Disclaimer is not only an excellent suspense novel but a novel that makes you question your own assumptions about how well you really know people, even your own family. I think this is a stunning novel and if you are in the mood for a meditative page-turner this summer this is the book for you.
I know I haven’t been around the blog much in the past few months and I miss it. I honestly don’t know why my posts have dwindled off, but I suspect it has something to do with my new reading habits. Back in April I decided to really devote myself to reading galleys, participating in the LibraryReads nominating process and to becoming a well-rounded readers advisory expert in my library system. This means that I’m not reading the type of books that I’ve read in the past or the authors that I normally devote myself to. Also, I’ve been reading books about 2-3 months in advance of publication and find that many publishers, when granting access to a digital galley, ask that you not write about the book until 1 month before the book is released. As I’m not a very organized person when it comes to scheduling blog posts I completely forget all about writing about a book that I read 2 months ago when its publication date is near.
Though I love reading new books and am pleased with the difference it’s made in my approach to my job and my satisfaction in fulfilling my duties as a librarian, I don’t want to abandon this space or stop reading my true loves (all those Persephones, Viragos, and other British classics). So I just need to find a way to have better balance in my reading life and to incorporate all of my interests into the mix. I also want to write reviews for the new books I’m reading so I can not only share my opinions with you, but remember them better when I suggest them to patrons. Overall, returning to posting on the blog on a regular basis will be a good thing!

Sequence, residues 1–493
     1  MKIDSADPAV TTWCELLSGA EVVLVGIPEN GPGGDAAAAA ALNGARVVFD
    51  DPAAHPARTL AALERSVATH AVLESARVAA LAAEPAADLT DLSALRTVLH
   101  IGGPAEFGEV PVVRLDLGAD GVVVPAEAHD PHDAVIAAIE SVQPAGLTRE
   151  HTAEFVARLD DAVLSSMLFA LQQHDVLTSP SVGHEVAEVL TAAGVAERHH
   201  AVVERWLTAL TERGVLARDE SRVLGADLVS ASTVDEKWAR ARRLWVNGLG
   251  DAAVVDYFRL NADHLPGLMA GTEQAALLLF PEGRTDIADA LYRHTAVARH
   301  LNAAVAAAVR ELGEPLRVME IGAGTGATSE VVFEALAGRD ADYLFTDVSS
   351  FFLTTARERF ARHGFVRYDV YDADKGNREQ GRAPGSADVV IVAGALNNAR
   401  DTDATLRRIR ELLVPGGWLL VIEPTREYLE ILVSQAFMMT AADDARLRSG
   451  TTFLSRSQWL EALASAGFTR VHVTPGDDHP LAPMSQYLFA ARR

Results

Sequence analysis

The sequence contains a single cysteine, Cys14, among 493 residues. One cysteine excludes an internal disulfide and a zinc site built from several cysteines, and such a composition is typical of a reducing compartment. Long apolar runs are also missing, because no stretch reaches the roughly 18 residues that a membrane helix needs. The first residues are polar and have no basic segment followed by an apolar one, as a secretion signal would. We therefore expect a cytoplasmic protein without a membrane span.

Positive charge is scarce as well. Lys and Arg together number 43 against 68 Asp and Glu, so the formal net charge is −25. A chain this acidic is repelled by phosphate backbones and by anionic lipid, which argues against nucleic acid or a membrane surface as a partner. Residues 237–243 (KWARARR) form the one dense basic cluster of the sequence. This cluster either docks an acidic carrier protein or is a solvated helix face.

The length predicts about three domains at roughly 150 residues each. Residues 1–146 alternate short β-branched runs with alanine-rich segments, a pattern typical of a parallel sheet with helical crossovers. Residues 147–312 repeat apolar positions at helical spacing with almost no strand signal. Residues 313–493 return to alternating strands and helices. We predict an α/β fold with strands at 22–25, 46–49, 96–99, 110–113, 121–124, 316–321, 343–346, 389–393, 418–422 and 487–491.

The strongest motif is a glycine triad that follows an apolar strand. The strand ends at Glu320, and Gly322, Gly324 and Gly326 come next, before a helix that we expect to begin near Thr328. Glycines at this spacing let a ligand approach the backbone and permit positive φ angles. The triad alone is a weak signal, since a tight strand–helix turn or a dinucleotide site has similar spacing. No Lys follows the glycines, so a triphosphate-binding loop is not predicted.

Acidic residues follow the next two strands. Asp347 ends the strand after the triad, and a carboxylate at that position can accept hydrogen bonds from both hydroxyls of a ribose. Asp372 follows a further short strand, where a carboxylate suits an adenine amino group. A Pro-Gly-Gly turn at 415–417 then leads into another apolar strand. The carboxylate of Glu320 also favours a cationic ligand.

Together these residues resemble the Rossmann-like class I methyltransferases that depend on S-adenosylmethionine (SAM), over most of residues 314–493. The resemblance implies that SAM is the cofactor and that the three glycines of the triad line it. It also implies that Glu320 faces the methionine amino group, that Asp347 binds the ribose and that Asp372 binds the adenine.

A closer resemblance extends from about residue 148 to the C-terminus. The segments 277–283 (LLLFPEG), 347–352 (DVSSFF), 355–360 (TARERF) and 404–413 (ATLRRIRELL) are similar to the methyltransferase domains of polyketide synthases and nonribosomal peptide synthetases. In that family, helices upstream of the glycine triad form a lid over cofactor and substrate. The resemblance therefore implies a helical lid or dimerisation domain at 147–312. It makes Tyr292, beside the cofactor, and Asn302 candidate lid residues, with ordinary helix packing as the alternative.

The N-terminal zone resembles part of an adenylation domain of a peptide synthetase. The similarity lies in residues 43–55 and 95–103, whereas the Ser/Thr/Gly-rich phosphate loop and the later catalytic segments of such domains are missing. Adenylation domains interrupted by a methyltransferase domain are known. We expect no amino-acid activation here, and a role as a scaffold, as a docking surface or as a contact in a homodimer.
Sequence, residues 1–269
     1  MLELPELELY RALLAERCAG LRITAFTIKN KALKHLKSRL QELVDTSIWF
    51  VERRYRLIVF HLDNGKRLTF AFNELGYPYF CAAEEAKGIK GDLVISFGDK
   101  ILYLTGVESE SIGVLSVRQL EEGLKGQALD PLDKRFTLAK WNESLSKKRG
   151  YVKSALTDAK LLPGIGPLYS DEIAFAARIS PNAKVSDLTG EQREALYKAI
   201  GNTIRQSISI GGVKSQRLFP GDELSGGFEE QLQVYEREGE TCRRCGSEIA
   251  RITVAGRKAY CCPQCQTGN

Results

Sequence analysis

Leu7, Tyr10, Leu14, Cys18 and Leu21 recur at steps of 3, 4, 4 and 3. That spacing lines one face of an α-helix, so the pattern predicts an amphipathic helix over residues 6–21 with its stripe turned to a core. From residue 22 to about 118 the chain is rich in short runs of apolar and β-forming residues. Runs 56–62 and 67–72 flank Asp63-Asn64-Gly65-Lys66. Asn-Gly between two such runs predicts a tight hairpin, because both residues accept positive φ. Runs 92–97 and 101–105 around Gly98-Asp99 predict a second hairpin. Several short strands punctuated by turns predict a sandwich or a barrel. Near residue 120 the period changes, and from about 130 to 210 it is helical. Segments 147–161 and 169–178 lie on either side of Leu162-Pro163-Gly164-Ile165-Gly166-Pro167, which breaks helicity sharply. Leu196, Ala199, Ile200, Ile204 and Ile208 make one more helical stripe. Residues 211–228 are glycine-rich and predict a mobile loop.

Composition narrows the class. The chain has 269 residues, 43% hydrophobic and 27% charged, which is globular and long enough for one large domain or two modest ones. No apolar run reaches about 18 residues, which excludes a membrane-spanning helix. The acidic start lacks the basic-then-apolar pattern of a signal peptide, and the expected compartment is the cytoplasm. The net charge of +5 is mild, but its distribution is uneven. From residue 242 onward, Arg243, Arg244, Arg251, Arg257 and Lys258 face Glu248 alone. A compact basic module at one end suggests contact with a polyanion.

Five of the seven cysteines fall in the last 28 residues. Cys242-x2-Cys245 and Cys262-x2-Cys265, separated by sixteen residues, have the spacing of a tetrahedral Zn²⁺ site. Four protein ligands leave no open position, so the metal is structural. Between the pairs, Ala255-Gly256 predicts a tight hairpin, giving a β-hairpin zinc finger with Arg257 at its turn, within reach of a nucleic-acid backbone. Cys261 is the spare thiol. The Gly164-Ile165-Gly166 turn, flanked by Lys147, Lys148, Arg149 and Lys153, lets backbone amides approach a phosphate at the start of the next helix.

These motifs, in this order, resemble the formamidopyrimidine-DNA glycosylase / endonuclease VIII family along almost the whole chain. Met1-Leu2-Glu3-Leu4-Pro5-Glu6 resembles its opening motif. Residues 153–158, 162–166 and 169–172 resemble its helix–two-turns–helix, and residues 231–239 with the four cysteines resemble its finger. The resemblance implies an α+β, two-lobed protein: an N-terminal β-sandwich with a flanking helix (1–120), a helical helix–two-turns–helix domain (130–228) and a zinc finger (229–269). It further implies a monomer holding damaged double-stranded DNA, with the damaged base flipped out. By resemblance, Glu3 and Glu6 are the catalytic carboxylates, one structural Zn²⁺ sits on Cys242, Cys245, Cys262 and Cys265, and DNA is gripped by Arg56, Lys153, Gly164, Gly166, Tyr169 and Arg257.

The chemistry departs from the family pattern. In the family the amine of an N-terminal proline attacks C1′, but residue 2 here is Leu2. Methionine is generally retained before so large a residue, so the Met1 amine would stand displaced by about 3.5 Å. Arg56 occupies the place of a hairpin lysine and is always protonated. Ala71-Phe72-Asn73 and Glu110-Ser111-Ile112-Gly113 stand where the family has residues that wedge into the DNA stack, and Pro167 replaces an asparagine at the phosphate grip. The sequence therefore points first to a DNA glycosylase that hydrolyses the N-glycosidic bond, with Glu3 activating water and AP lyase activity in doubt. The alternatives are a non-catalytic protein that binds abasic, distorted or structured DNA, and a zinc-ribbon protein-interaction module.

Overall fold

And I also hope to set aside time every week to catch up on my blog reading.
Hope you’ve had a wonderful weekend and here’s to a lovely week to come!
I took two cameras on my trip to England back in October – my primary camera and my backup camera. On the day we went to Westminster Abbey, the Churchill War Rooms and Kensington Palace I was very glad to have that backup. My number one camera failed to charge the night before (user error I’m sure) so I pulled out my second camera and didn’t have to miss taking photos that day. As you can see it was a pretty grey and rainy day and I ended up not taking as many photos as I usually do as I was huddled underneath an umbrella trying to stay dry. And that might have been why I forgot that I had these at all. I downloaded a few when I got back, but just remembered on Saturday that I had more on this camera than I had thought. I thought I’d share them here to remember what I lovely time I had and as a reminder to start being more frugal so that I can afford to go again next year.